To sum this up: Do not take l-carnitine if it is not your wallet that is supposed to lose a few pounds ;-)
For the subjects who completed the study (15 P, 13 L-C), no significant changes in mean total body mass (TBM), fat mass FM, and resting lipid utilization occurred over time, nor were there any significant differences between groups for any variable. Conversely REE increased significantly for all subjects, but no between group differences existed. Five of the L-C group experienced nausea or diarrhea and consequently did not complete the study. Eight weeks of L-C ingestion and walking did not significantly alter the TBM or FM of overweight women, thereby casting doubt on the efficacy of L-C supplementation for weight loss.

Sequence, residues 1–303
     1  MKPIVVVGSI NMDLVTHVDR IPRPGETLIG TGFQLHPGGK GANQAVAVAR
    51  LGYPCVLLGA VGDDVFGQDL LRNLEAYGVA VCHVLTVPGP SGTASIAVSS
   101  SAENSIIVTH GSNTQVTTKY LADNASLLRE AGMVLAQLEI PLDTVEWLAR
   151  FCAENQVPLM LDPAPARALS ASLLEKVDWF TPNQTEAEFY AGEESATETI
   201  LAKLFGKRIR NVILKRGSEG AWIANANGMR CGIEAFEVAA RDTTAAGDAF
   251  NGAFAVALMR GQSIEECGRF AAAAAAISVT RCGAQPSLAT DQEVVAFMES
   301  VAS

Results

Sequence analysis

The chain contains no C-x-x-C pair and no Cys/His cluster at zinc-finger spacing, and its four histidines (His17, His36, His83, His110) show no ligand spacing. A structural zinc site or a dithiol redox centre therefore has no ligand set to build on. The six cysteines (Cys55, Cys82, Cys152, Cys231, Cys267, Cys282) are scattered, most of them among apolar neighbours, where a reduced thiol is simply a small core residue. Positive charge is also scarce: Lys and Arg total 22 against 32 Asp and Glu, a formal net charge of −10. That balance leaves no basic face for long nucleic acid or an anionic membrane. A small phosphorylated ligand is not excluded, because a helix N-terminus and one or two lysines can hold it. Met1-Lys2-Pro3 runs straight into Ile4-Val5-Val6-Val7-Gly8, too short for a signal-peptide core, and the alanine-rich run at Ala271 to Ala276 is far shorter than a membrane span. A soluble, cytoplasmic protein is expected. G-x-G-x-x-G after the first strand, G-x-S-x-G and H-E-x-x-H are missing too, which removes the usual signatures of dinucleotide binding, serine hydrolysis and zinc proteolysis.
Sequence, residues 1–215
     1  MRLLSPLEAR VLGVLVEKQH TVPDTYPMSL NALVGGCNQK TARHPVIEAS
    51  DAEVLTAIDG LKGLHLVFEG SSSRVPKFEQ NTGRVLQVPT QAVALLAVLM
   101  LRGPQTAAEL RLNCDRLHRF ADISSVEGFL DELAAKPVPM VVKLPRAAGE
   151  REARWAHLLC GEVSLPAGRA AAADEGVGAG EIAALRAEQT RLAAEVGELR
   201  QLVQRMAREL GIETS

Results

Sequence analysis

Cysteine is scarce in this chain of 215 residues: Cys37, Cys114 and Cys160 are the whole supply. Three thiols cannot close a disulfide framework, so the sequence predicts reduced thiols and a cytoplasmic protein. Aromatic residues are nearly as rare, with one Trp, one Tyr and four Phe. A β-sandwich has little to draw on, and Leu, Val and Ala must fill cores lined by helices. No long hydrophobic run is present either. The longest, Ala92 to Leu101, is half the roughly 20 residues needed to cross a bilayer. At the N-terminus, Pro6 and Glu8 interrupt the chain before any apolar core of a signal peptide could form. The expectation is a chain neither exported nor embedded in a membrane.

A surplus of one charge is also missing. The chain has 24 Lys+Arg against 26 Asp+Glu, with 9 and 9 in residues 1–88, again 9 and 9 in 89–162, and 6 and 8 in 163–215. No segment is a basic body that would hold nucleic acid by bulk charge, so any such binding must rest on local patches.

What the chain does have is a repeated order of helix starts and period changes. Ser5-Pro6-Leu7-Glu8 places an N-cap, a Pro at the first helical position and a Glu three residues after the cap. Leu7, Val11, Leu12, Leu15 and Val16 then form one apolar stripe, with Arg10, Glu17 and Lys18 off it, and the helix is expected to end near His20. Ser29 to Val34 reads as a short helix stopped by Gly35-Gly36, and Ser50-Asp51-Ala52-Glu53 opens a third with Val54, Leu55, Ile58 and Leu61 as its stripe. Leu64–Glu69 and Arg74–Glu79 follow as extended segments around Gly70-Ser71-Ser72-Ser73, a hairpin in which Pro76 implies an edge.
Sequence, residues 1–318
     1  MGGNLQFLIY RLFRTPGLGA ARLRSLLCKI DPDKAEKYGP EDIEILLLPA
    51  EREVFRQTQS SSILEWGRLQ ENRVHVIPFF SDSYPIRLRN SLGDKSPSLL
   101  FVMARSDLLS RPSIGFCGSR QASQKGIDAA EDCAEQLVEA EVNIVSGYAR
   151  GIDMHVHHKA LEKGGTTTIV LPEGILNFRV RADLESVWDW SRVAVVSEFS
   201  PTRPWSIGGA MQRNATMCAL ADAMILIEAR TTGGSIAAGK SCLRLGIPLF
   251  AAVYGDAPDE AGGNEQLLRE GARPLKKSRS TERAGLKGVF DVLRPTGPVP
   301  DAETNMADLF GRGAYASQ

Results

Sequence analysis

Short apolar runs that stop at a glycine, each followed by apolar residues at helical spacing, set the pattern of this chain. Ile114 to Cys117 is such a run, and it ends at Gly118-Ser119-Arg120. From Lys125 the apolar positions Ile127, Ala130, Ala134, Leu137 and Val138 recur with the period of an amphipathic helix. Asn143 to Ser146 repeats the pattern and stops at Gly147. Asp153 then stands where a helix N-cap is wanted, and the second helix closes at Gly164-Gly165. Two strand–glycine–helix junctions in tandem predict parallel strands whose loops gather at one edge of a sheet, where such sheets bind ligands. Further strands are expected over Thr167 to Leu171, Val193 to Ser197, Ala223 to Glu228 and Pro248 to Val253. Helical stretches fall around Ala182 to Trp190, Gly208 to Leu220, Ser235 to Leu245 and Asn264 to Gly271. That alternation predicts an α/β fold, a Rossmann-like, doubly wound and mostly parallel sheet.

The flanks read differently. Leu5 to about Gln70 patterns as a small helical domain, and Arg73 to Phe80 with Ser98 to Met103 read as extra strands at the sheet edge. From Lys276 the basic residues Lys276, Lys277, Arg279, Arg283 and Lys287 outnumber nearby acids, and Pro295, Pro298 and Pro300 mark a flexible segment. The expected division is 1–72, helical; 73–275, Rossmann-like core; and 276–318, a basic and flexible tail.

Figure 1: Chemical structure of
L-Carnitine (HMBD v2.5)
Tuesday, August 31, 2010
No Effect of L-Carnitine on Fat Loss or Body Composition in Obese Women
After last weeks "bad" news on L-Cartinine L-Tartrate the supplement industry, which is still promoting various kinds of l-carnitines as fat loss aids, just received another beating. In a double-blind randomized placebo study Villani et al. (Villani. 2010) investigated the effects of 8 weeks of 2g/day l-carnitine supplementation on body composition, resting energy expenditure (REE) and substrate utilization of 18 premenopausal women walking @60-70% of their maximum heart rate 4x a week: